Global Emergency Medicine
The global emergency medicine ("GEM") fellowship is uniquely designed to be tailored to the fellow’s career interest— including but not limited to disaster medicine, humanitarian response, public health, emergency medicine development. The fellowship can be completed in one or two year depending on if an advanced master’s degree is pursued. If a one year fellowship is pursued, expect to spend 5-6 months internationally.
Fellowship year starts on July 1.
Global Health Curriculum
Fellows take courses that prepare them for their area of interest in global health. Specific training courses that are available include:
- A diploma course to earn a Diploma of Tropical Medicine & Hygiene (DTM&H). Potential courses include the Gorgas Diploma Course, Professional Diploma in Tropical Medicine and Hygiene, or Diploma in Tropical Medicine and Hygiene. Other potential courses can be found with the American Society of Tropical Medicine and Hygiene and preparation for a Certificate of Tropical Medicine can be pursued as well.
- Humanitarian and disaster medicine training courses are available including the Humanitarian Response Intensive Course at Harvard or attending a H.E.L.P. course by the ICRC. The Harvard course is a 2 week course that prepares one for participation in international disaster response and includes a three day simulation response of a complex humanitarian emergency.
- Other potential courses include the Asian Clinical Tropical Medicine Course in Thailand and Cambodia, international ultrasound courses, or courses developed through the Consortium of Universities of Global Health.
International Field Work
The fellow may complete six to eight weeks working abroad on an international project. This may completed be all at one site or multiple sites depending on the interests of the fellow.
Previous or upcoming international collaborations by global health faculty and fellow include sites in Kenya, Tanzania, and Haiti as well as teaching the World Health Organization Basic Emergency Care Course in Zambia. Fellows are encouraged to find opportunities in areas of the world they are most interested in or may join faculty in ongoing projects as well.
If interested there is also the option is to obtain an advanced degree in the field of interest of the fellow. A Master of Public Health degree is one option, and can be pursued remotely via the University of Kentucky to allow for flexible field work schedule.
The University of Kentucky Chandler Hospital is a leader in tertiary care and is a Level I Trauma Center. Chandler Hospital has a 110 bed ED that serves about 85K patients per year. As attending physicians/clinical instructors, fellows supervise residents and students in the emergency department. Fellows will supervise UK emergency medicine residency PGY 1-3. Fellows will also serve as clinical faculty at Good Samaritan Hospital. This is a community hospital with approximate annual volume of 30K, staffed with scribes and advanced practice practitioners.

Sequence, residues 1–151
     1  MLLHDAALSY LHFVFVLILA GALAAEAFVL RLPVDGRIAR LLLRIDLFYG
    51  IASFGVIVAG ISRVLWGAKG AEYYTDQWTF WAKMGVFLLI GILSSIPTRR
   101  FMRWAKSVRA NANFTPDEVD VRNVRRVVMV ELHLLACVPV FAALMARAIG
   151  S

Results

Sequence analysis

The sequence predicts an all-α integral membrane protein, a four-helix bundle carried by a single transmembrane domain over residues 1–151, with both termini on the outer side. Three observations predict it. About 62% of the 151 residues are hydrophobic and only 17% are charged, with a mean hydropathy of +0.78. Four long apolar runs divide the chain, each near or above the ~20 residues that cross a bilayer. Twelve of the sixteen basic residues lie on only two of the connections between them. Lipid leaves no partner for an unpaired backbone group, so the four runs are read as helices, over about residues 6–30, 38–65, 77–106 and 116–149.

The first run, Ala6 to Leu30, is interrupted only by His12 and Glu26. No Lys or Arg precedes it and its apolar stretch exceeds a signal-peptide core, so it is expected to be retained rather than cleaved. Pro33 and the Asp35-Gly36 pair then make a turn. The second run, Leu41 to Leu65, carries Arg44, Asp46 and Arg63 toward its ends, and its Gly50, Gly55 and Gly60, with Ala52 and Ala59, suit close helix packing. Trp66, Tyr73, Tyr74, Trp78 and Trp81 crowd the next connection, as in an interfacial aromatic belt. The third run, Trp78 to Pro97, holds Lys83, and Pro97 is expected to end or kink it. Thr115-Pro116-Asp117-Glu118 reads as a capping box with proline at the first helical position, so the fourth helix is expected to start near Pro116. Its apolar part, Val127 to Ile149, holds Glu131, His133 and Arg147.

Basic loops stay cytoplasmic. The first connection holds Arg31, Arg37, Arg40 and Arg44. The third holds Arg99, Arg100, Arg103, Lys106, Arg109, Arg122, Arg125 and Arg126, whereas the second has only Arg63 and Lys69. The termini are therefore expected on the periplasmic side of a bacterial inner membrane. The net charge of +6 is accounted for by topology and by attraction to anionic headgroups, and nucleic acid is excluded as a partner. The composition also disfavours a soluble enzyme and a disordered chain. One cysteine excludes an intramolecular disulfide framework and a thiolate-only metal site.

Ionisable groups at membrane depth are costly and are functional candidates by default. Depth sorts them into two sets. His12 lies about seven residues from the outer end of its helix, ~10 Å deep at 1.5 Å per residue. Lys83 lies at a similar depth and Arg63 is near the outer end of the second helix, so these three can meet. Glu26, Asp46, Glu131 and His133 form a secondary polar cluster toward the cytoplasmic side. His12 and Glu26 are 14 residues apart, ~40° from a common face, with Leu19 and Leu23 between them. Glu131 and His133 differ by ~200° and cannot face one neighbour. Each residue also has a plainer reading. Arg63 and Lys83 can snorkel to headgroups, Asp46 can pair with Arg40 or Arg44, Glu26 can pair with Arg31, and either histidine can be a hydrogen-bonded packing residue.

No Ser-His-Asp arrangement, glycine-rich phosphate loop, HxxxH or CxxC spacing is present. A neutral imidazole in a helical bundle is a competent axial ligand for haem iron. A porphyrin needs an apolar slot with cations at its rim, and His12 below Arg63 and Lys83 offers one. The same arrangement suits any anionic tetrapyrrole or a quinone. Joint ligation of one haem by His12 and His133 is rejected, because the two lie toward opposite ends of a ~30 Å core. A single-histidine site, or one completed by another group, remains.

Humanitarian Aid and Disaster Response
Response to international disasters and complex humanitarian emergencies may be needed during the fellow year as well, potential collaborating organizations include but are not limited to Rescue Committee, Oxfam, CARE, Red Cross/Red Crescent, Médecins Sans Frontières, Samaritan’s Purse, Missions to the World, Catholic Relief Services.
Mentorship and Education
The UK Emergency Medicine residency is now offering a focused global emergency medicine track to interested residents. This is a comprehensive, longitudinal educational experience in global health designed to provide emergency physicians-in-training with the experience and foundation to become leaders in global health. Fellows will be matched with residents to mentor based on their specific areas of interest. Fellows are responsible for helping to guide research, seek learning opportunities abroad, and develop a career path in global health based on the resident’s interests. The division of global emergency medicine will hold monthly meetings to discuss core principles of humanitarian response, public health, tropical medicine, and global health in resource-limited settings. Fellows will also teach at annual conferences and workshops, such as the Global Health Leadership Symposium and Ultrasound in the Tropics, which are open to all residents and medical students.